Guest post by Allyson P. Brantley, author of Justice, Power and Politics series book Brewing a Boycott: How a Grassroots Coalition Fought Coors and Remade American Consumer Activism

Boycotts seem to be everywhere these days. Most recently, the April 2021 passage of Georgia’s new, restrictive voting law sparked significant backlash and boycotts – ranging from Major League Baseball’s decision to move the All-Star Game from Atlanta to Denver to activists’ calls to boycott Georgia-based companies. In recent years, consumers have also used the boycott to oppose the policies and politics of corporations such as Amazon, Chick-fil-A, SoulCycle, and Goya, to name a few.

Politically and emotionally charged, these boycott campaigns often burst into view and fade just as quickly. As such, some have dismissed boycotts as insignificant, vengeful, or little more than performative activism. Many thus ask: are boycotts worth it? Can they work? 

One example from the late 20th century – the Coors beer boycott – offers an affirmative, instructive answer. In the 1950s and 1960s, labor, Chicano, and progressive activists launched a series of boycotts against the Colorado-based Coors Brewing Company, motivated in part by allegations of anti-unionism and discrimination at the brewery. These efforts continued into the 1970s and 1980s, gaining supporters and momentum as Coors family members emerged as prominent leaders in the conservative movement. By the late 1980s, women and men on the American left could – and did – boycott Coors for many different reasons, ranging from union-busting to the family’s links to Reagan and the anti-gay Moral Majority. Noted one boycott organizer, Al Gauna, in November 1977, people were “actually anxious to boycott Coors because of [the family’s] politics.”

This boycott owed much of its longevity to persistent, creative organizers who forged wide, multiracial coalitions in support of the anti-Coors campaign. During a period of intense boycott activity in the mid-1980s, the coalition organized over one hundred marches, rallies, and letter-writing events, bringing together Chicano, queer, Black, labor, feminist, student, and Central American solidarity activists at events from San Francisco to Boston. These activists understood their struggles against Coors – though perhaps rooted in different personal reasons – as intertwined. “The boycott,” argued the Marxist-Leninist Workers’ World publication, “is a genuinely grassroots movement and it shows vividly that the people of this country do not support ultra-right-wing policies like those Coors wants.”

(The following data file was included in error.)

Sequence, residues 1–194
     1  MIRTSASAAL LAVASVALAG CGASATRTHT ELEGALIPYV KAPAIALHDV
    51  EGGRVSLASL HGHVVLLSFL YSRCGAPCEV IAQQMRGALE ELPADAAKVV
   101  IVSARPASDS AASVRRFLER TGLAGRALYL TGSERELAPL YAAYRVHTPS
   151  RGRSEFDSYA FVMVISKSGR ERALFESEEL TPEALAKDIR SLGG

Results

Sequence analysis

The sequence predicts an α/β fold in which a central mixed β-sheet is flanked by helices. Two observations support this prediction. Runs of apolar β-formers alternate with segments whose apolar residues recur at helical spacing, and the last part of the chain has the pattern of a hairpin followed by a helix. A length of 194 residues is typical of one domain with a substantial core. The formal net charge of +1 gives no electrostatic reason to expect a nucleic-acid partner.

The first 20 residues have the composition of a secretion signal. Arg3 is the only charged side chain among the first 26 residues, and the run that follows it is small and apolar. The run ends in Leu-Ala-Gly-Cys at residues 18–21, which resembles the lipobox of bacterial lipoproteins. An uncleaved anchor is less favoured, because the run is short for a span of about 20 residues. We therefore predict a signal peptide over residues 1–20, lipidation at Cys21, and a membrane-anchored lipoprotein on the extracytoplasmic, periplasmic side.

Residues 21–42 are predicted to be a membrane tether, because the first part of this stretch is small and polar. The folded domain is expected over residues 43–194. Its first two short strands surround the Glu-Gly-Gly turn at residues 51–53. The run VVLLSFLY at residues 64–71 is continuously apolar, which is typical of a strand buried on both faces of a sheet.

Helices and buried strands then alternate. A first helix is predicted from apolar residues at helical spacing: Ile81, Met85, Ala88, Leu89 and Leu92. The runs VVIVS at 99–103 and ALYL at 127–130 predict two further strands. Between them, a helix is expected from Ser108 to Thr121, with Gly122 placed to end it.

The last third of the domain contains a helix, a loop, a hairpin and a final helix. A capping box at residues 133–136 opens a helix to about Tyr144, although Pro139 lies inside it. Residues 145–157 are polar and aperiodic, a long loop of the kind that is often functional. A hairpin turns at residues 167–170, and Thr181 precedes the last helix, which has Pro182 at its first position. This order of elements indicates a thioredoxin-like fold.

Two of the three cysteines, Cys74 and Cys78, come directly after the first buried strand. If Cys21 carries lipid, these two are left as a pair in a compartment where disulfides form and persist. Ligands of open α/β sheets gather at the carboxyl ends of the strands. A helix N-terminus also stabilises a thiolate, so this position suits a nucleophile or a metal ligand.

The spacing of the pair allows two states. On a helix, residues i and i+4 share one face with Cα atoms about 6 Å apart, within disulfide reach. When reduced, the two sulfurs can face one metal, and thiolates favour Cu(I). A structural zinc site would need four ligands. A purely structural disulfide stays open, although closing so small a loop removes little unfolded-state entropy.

Their efforts produced successes as well as setbacks. Between 1984 and 1987, in response to boycott pressures, the company pledged over $650 million in scholarships and financial support to Latino and Black communities and signed a high-profile settlement with the leading labor organization in the country, the AFL-CIO. Into the 1990s, Coors generously supported AIDS research, as well as LGBT Pride events, gay softball leagues, and other minority-led organizations. 

All this said, the most outspoken of boycotters rejected the company’s overtures, which they saw as “crude bribes,” and kept boycotting the beer. Yet while these corporate buyouts were disappointing to activists, they nevertheless viewed (and still view) the boycott as a success – for its persistence, vitality, and potential to build what they often called ‘unlikely’ alliances.

While not an all-or-nothing success, the campaign against Coors beer highlights the potential of the consumer boycott: it can wear down and change corporations and, perhaps more important for activists themselves, build far-reaching solidarity. Long-haul Coors boycotters would insist that their effort was well worth it. 

Moreover, the boycott itself – as a tool of social movements – is remarkably adaptable and accessible. Through social media, a boycott call today can reach far more potential supporters and allies than the local marches and chain letters of the 1980s. With perseverance, creativity, and an openness to coalition building, twenty-first century boycotts can potentially do more than Coors boycotters could have even imagined. 

Allyson P. Brantley is assistant professor of history and Director of Honors & Interdisciplinary Initiatives at the University of La Verne.